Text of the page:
When two corporations engage in legal battle, like oversized Transformers locked in mortal combat, it can be difficult to know who to root for. In the case of Viacom vs. YouTube, however, the moral advantage lay (just barely) with the Google-owned video giant, which had been sued by Viacom for $1 billion in copyright infringement (55% of what Google paid for YouTube to begin with, no less).
Viacom insisted YouTube had an obligation to immediately remove all copyrighted clips from its website; YouTube said they only had an obligation to pull videos identified by their copyright holders. The judge sided with YouTube; since they pulled all videos as soon as they were identified, they’re off the hook.
Here’s why this is good news. First, this does seem like some kind of karmic lesson. For a long time Viacom’s been secretly uploading clips through 18 different marketing agencies, often deliberately making the videos look messy to convey the impression of piracy:
Viacom’s efforts to disguise its promotional use of YouTube worked so well that even its own employees could not keep track of everything it was posting or leaving up on the site. As a result, on countless occasions Viacom demanded the removal of clips that it had uploaded to YouTube, only to return later to sheepishly ask for their reinstatement. In fact, some of the very clips that Viacom is suing us over were actually uploaded by Viacom itself.
Corporations can rarely get everyone on the same page, of course, but that’s going a little far. Either way, it wasn’t a factor in the judge’s summary decision in favor of YouTube — it was merely that their responsibility ended in removing the offending videos when identified. As anyone who’s ever tried to find, say, vintage MTV clips on YouTube knows, Viacom has been more vigilant than most in obsessively monitoring what’s on the website.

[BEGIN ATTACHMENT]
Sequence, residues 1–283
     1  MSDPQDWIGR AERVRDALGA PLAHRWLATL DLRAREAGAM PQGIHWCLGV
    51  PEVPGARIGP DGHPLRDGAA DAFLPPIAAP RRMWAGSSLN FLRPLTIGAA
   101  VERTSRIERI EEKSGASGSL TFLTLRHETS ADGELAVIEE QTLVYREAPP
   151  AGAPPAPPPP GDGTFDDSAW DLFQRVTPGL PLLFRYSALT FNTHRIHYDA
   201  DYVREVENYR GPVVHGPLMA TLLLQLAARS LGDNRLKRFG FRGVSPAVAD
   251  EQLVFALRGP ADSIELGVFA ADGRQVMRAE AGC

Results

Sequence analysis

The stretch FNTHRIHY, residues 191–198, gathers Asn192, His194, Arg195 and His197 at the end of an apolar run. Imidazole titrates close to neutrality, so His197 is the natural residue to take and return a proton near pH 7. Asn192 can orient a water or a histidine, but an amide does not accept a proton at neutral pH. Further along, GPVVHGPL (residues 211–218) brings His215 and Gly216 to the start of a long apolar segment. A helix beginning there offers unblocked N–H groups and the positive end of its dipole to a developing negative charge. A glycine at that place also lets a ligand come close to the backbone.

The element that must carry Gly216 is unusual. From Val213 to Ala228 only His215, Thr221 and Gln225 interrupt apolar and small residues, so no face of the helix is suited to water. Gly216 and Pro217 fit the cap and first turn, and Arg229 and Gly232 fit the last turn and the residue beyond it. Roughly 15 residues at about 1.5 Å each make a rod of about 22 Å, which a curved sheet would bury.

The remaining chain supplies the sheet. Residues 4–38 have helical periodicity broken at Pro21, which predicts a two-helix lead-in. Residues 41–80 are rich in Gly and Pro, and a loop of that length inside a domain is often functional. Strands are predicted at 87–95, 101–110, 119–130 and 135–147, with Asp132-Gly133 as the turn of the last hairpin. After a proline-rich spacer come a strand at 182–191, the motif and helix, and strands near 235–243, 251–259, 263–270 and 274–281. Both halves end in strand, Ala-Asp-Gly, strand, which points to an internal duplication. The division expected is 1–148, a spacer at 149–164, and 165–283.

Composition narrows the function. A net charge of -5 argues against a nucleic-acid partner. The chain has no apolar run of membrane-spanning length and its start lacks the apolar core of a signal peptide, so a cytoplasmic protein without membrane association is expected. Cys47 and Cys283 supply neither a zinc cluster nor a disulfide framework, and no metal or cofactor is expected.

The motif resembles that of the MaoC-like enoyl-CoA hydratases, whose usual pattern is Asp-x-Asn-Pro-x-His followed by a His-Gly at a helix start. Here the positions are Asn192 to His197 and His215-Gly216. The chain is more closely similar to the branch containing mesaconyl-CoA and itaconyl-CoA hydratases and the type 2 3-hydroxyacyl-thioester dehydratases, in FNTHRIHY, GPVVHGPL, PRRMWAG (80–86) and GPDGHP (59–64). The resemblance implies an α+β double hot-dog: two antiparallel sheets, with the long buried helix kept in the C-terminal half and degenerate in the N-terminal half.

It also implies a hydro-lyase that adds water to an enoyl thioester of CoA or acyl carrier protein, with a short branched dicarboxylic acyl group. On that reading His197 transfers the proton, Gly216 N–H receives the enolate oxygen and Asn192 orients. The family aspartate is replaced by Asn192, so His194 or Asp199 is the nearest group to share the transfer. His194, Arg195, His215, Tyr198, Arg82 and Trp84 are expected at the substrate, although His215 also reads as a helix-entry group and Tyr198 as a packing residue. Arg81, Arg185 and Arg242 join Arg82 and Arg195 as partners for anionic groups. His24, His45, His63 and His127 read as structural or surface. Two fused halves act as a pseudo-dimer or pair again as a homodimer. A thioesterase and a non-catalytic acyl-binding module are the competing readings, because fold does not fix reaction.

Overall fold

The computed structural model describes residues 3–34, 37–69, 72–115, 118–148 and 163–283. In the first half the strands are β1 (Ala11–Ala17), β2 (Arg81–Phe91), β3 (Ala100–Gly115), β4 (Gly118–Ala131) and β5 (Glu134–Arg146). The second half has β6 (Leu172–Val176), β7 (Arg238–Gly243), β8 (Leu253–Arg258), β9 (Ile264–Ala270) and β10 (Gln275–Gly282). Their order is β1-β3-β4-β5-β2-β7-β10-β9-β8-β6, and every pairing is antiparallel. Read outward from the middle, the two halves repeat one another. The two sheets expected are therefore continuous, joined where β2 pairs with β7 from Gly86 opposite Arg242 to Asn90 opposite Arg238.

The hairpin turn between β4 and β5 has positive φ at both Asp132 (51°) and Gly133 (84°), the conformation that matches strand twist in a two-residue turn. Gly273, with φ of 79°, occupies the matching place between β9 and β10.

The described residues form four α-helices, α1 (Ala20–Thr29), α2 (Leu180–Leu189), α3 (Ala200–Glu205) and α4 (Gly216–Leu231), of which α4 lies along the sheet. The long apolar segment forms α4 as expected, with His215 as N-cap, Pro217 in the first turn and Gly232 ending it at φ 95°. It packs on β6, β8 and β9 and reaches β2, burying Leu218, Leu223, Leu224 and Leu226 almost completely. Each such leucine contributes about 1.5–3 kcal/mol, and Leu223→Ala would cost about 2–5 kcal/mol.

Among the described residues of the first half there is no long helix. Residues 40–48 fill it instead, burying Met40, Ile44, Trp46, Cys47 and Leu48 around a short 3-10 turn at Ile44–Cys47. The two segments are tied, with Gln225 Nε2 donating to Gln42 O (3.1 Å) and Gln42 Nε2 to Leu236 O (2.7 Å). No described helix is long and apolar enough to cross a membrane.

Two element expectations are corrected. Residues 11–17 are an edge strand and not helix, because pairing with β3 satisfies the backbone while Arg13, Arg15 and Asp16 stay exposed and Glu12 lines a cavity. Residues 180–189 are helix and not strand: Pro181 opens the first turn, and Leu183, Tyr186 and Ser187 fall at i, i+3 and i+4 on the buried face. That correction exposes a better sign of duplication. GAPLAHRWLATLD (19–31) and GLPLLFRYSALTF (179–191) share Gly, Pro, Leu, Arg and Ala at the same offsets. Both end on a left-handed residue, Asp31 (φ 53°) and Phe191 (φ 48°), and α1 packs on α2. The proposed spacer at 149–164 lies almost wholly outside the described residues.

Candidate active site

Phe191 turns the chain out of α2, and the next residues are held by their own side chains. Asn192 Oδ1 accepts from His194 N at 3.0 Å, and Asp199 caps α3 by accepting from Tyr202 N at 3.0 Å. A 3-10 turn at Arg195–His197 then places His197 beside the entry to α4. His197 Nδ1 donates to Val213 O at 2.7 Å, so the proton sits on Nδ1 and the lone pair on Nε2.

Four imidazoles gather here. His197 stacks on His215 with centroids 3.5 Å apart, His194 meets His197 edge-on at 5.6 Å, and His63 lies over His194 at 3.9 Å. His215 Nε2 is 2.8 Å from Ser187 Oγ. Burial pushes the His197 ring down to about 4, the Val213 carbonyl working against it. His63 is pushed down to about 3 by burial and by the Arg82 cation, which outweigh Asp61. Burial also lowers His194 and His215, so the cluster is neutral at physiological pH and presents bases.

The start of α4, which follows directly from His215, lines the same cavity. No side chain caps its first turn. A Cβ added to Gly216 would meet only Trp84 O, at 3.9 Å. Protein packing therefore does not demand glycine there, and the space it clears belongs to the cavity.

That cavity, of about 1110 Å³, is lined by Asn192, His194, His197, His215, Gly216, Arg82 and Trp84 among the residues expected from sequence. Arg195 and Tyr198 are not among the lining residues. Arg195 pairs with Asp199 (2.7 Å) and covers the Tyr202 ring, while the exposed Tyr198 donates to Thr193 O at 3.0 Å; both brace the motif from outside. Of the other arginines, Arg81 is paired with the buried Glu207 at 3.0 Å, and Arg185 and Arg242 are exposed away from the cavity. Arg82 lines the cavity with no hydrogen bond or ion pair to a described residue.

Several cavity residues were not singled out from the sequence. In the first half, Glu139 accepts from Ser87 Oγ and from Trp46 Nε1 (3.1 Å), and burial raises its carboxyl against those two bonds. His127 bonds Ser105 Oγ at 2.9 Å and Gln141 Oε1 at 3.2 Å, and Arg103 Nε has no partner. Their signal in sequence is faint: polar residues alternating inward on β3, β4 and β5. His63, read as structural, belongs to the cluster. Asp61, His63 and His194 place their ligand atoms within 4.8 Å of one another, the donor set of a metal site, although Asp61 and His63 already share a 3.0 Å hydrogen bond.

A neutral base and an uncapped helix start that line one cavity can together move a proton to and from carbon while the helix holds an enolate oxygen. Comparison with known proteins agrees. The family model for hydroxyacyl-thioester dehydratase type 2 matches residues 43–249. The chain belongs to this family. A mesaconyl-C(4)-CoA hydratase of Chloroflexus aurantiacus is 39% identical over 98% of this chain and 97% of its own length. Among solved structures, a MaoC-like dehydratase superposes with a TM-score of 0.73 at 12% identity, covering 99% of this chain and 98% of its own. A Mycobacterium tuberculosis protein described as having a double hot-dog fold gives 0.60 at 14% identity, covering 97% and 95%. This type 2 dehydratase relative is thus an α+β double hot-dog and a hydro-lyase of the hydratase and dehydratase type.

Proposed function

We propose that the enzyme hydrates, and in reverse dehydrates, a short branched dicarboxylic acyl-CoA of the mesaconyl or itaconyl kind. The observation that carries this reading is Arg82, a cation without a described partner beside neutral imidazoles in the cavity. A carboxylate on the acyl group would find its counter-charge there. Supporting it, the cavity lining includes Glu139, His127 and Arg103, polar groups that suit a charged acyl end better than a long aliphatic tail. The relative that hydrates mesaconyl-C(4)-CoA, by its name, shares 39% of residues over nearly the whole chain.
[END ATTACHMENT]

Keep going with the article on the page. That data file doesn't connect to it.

(First prize for YouTube watchfulness has to go to Universal, whose DVDs must have some killer identifying technology in them — most surviving clips are of people filming movies off their TVs. Surprisingly indifferent is Disney, who appear to have no problem with many of their movies being uploaded in full.)
Internet pirates can be an outspoken/obnoxious group, full of rhetoric about freedom of speech, creativity and why prices are too high and their backs are against the wall — a difficult position to take when you’ve got a hard drive full of movies and a high-speed connection to match, but never mind.
YouTube clips, though, are the least of a corporation’s problems. If you want to watch a major corporate film from the last fifteen years or so, you probably don’t even need to torrent. Just run a keyword search, and pretty soon you’re streaming a low-grade copy of a film hosted — most likely — by a website based in Japan or China or by a service like MegaVideo, where users obsessively re-up movies as soon as they’re pulled.
Compared to that, YouTube isn’t that big of a factor. The reality is that this corporate whack-a-mole mentality is misdirected. Don’t worry about clips — most people are so intent on hunting down their favorite moments rather than watching a whole film that you might as well run with it. The battle to protect material will be fought film by film until (hopefully) a legal solution is found that people will actually pay for. It’ll be a case of pulling the movies one at a time, just as it is now.
I do wish, in any case, Viacom would knock it off a bit, if only because of weird situations like the “Beavis and Butt-Head” music videos — too expensive to license again for the DVDs, too good to be confined to VHS bootleg purgatory. Four months ago, a cache of B&B videos not available on DVD suddenly popped up on YouTube, and now I’m suddenly wondering if they’re one of the group of videos uploaded surreptitiously by someone at Viacom. Really, I’ll take any excuse to post this:
[Photos: “Anatomy of a Murder,” Columbia, 1959; “Beavis and Butt-Head,” MTV, 1993-97]